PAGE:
For the record - I will clarify my stance on Superman and Superman related comics, collectibles, etc... And I am sure the difference in how I approach that character will not be tolerated in that way that the internet demands sweeping absolutes. I didn't cover it here as the post was already too long and I saw no reason to muddy the waters further.

Jake Shore said...

Wow. That sucks. I got away from comics about 15 years ago (with a few exceptions). But over the last year, I've gotten back into them. So the difference for me is that I've got 10+ years of comics to catch up on, which I means I get to pick up the best of the last ten years. So, only recently have I read All-Star Superman. I am just beginning to read Superman Birthright and Secret Origin, the Green Lantern run beginning with Secret Origin, etc.

I was excited about the DC relaunch, but that's turned out to be a dud. I agree with you and the Bags and Boards guy completely about the state of comics, the big two in particular.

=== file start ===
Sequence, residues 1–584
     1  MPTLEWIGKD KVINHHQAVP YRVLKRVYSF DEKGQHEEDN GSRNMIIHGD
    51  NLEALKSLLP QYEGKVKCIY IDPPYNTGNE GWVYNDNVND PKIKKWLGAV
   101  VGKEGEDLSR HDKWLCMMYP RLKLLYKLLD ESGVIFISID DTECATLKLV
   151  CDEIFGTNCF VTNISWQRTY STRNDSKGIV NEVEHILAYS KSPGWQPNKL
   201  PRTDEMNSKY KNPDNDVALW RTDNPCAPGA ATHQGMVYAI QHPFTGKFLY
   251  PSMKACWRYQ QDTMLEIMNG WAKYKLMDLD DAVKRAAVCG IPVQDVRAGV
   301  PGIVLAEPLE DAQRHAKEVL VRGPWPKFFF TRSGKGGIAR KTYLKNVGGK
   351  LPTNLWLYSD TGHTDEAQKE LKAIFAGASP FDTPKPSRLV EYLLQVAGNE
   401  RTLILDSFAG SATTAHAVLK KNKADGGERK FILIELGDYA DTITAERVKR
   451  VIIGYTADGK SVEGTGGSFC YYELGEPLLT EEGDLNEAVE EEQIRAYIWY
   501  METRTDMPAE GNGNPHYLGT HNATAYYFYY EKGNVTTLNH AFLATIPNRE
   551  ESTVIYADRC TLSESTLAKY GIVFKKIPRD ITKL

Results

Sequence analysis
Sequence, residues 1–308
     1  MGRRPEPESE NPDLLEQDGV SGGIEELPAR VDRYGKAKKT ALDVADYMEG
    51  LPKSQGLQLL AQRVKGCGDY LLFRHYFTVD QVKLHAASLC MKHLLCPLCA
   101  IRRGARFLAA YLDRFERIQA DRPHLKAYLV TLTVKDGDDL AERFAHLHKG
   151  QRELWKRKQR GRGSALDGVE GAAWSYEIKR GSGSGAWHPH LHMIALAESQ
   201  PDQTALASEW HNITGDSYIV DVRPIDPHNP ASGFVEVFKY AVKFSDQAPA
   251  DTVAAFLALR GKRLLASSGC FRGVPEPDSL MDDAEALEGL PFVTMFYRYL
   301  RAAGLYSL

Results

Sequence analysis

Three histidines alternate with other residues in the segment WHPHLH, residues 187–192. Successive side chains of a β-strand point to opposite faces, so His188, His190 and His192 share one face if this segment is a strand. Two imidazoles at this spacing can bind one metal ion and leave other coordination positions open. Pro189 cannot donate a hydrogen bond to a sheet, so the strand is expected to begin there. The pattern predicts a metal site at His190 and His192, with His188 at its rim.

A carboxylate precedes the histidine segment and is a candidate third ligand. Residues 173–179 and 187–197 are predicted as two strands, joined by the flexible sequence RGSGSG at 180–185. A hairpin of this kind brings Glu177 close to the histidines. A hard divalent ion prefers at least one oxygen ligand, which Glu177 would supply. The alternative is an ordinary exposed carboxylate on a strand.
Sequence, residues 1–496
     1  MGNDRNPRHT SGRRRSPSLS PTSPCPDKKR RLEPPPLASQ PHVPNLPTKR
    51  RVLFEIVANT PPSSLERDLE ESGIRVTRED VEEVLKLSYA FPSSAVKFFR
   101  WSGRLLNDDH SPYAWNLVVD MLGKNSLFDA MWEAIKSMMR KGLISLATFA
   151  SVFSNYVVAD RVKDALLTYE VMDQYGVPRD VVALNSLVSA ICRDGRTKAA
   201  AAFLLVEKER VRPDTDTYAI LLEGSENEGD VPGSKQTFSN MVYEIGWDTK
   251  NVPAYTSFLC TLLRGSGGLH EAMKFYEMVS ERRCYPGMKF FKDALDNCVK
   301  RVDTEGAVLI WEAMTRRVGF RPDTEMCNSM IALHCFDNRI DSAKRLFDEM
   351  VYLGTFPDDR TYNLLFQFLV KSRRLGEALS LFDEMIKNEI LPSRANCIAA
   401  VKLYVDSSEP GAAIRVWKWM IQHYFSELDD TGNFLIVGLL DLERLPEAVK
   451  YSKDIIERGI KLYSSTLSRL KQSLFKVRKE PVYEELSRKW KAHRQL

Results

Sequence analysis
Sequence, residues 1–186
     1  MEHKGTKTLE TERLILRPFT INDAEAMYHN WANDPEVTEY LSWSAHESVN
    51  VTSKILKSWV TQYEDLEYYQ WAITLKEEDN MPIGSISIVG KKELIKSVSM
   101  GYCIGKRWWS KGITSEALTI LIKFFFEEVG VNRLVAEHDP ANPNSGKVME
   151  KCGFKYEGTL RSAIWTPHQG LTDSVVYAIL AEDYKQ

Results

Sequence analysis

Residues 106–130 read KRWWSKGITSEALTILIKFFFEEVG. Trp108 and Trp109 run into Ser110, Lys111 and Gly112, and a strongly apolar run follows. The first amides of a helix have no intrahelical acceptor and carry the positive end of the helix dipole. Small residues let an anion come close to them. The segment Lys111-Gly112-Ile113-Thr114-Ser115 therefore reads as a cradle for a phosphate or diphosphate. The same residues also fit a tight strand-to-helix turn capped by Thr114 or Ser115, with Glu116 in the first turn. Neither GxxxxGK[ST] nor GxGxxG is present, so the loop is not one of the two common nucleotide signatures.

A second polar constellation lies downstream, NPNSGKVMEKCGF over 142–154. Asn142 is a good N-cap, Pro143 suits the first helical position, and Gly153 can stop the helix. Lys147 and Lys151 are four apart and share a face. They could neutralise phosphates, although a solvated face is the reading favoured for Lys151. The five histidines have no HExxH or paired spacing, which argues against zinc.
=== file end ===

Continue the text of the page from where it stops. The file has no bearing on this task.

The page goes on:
I've disliked the state of comics for a long time now, so I kinda grieved about this years ago. But it's disappointing that the problems have only gotten worse, and nobody in the industry either cares or is willing to do anything about it. And it's symptomatic of the larger problem of the lack of creativity not just in comics, but film and TV. Damn near everything is a remake, reboot, sequel or adaptation.

Do the top creators out there see this? They've got to. Are they doing anything about it?

The League said...

Well, the interesting thing about the internet isn't just that we have web distribution, but that these creators (both writers and artists) don't necessarily need DC or Marvel in the middle. They can find each other online and they can start making, marketing and distributing comics through Diamond or other publishers.

Today was, on Twitter, Creator Owned Comics day. And of course some folks like Chris Roberson have gone at least half creator owned, and walked away from DC and Marvel. Other folks like Cullen Bunn are doing a good job of balancing work-for-hire and not dropping their creator-owned stuff.

I may find him a bit doofy, but Kirkman is really the model for the possibilities and potential.

Inside the Big 2 - I have no idea. I suspect the DC higher-ups are just looking at meaningless stats like "market share" in the meager Direct Market and still high fiving in the wake of September. And the certainty that "Before Watchmen" will be a hit, and, frankly, I think DC's "Earth-2" initiative will be a big hit with its "even more edgy for 18 year old boys" approach.

The 90's took a long while to wind down in comics. I expect this will, too.